• User shares the transaction id with the authorized users.
  • Now authorized users can read the data from the transaction but it is still encrypted.
  • Authorised users use their private keys to decrypt the data, which still has one more level of encryption.
  • Publisher shares his/her public key with authorized users through a secure channel.
  • Authorised users now can decrypt the data to get the original record using the publishers public key.

This makes sure that your data is secure and safely distributed among the interested parties. You can then use the key pairs from the RecordsKeeper for the whole process, or you can generate your own key pairs using any other 3rd party Cryptography libraries.

Please make sure that you do not share your private key in the complete process.

How to use Proof-of-Existence built on RecordsKeeper Blockchain?

Proof-of-existence is a demonstration of a working application based on RecordsKeeper Blockchain. This utility is used to publish and verify data on the RecordsKeeper Blockchain.

You can publish any data file and this application will convert that file into a hash value and then stores that hash on the RecordsKeeper Blockchain. You can also verify that file by uploading it on the verify page of the application, and if it exists on the RecordsKeeper Blockchain, then the application will check against the hash value of the file and return all the transactions related to that file. A toggle is given on the top right corner of the application through which you can switch to Testnet and Mainnet of RecordsKeeper Blockchain. This application supports both networks so you can publish and verify on any of these networks.

So, let’s see the complete working of Proof-of-existence application:

Step 1:  Click on this link to access the Proof-of-existence application. You will see a page like this:

Step 2: Now, if you have to publish a file over RecordsKeeper Blockchain then enter the Name, Email, and Message(optional) fields. Then select the file that you want to publish by using Choose file button or by dropping the file on the panel.

Step 3: As soon as the file is uploaded, document hash gets generated and you will see a page similar to this picture:

Step 4: Now after clicking on the “Generate Poe Now” button a success table gets generated with details like transaction id, signature, confirmations, blocktime and blockhash etc.

Step 5: This table also has an URL which contains the link to the page that will return the result of all the records of the RecordsKeeper Blockchain against its signature value.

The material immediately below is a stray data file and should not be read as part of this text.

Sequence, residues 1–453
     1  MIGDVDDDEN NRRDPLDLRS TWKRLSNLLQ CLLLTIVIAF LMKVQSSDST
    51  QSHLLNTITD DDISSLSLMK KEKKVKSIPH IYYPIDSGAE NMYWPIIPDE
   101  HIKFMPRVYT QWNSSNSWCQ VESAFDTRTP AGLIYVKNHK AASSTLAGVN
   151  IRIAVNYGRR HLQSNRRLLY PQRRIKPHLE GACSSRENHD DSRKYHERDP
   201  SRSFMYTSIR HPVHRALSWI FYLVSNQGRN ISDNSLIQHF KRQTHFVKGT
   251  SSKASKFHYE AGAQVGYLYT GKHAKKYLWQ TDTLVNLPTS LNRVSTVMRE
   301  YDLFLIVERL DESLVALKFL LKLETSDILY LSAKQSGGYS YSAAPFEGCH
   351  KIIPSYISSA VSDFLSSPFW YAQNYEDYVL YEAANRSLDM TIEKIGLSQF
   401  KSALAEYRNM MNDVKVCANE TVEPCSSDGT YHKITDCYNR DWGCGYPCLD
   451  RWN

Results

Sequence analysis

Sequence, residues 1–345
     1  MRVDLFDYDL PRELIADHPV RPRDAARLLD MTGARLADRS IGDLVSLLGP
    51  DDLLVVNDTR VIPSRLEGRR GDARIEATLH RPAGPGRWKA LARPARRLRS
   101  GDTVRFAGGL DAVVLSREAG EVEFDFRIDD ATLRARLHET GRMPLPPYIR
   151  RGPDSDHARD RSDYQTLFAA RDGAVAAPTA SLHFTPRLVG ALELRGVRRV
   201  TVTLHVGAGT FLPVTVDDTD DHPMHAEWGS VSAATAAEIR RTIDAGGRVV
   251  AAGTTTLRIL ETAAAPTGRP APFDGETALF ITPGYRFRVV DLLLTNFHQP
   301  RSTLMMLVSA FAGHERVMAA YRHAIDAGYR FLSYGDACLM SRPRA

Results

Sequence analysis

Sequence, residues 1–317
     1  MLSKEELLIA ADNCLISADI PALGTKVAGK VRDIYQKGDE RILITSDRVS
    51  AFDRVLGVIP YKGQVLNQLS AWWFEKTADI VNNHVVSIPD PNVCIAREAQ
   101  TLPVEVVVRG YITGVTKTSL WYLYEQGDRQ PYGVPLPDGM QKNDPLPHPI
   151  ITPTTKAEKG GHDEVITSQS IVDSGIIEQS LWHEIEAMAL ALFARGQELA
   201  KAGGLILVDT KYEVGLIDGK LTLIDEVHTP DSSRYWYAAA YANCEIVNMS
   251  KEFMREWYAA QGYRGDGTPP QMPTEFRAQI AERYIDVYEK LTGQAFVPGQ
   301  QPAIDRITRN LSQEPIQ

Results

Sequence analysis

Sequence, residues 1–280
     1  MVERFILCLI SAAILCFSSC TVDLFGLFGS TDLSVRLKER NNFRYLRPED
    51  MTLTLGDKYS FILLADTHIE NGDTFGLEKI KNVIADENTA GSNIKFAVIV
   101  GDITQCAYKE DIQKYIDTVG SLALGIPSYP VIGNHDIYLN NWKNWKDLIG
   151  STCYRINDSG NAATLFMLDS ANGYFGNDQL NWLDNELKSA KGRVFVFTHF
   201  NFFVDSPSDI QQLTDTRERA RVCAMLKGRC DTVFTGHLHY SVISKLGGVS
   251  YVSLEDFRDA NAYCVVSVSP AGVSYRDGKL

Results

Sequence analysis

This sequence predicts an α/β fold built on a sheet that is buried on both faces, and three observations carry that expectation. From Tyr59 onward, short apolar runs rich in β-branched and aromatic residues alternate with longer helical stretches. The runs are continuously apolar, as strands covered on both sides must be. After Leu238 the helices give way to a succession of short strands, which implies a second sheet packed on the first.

Step 6: Next step is to verify the document that is uploaded on the RecordsKeeper Blockchain and for that you have to upload the document on the “Verify Poe” tab and then click on the “Verify Poe Now” button. It will show a page which have all the transactions arranged in a chronological order that are recorded against uploaded document signature.

Step 7: This application also shows the five recently generated poe in a table with Document digest and the recorded timestamp as the general information.

Anyone with the URL of the file can verify the existence of the file recorded on the RecordsKeeper Blockchain. The link embedded in the “Transaction Id” redirects to the Blockchain explorer which shows the information related to that transaction.

You can also check out other tools related to RecordsKeeper Blockchain from “Other Tools” tab.

How to Publish/Retrieve data records in RecordsKeeper Blockchain?

RecordsKeeper offers a solution where you can publish your data in key-value based pairs over the RecordsKeeper Blockchain and then retrieve it using the key. In this post, we will show you how to use curl commands in the shell to publish and retrieve data records from the streams in RecordsKeeper Blockchain.

Before we start you need to set up your own node by following this documentation: https://docs.recordskeeper.co/en/latest/gettingstarted.html

You also need the proper authorization for your node. You have to provide Base64 conversion of node’s Username and Password, which you can access through RK.conf built in your RecordsKeeper directory. Check below to get the Username and Password for your node and then convert them into Basic Authorization in Base64 using any tool.

Linux (Ubuntu):
From your terminal run following commands:

cd ~/.rk/recordskeeper/
cat rk.conf

It will open the configuration file from where you can copy rpcuser and rpcpassword of your node. Convert this username and password to Base64.

Windows:
Go to the directory:
AppData > Roaming > Rk > RecordsKeeper

Then look for the rk.conf file and open it in any text editor. It will display rpcuser and rpcpassword of your node. Convert this username and password to Base64.

Let’s start with How to publish your data in a stream:
RecordsKeeper offers a solution where you can publish your data in key-value based pairs over the RecordsKeeper Blockchain and then retrieve it using the key. In this post, we will show you how to use curl commands in the shell to publish and retrieve data records from the streams in RecordsKeeper Blockchain.

Before we start you need to set up your own node by following this documentation: https://docs.recordskeeper.co/en/latest/gettingstarted.html

You also need the proper authorization for your node. You have to provide Base64 conversion of node’s Username and Password, which you can access through rk.conf built in your RecordsKeeper directory. Check below to get the Username and Password for your node and then convert them into Basic Authorization in Base64 using any tool.

Linux (Ubuntu):
From your terminal run following commands:

cd ~/.rk/recordskeeper/
cat rk.conf

It will open the configuration file from where you can copy rpcuser and rpcpassword of your node. Convert this username and password to Base64.

Windows:
Go to the directory:
AppData > Roaming > Rk > RecordsKeeper

Then look for the rk.conf file and open it in any text text editor. It will display rpcuser and rpcpassword of your node. Convert this username and password to Base64.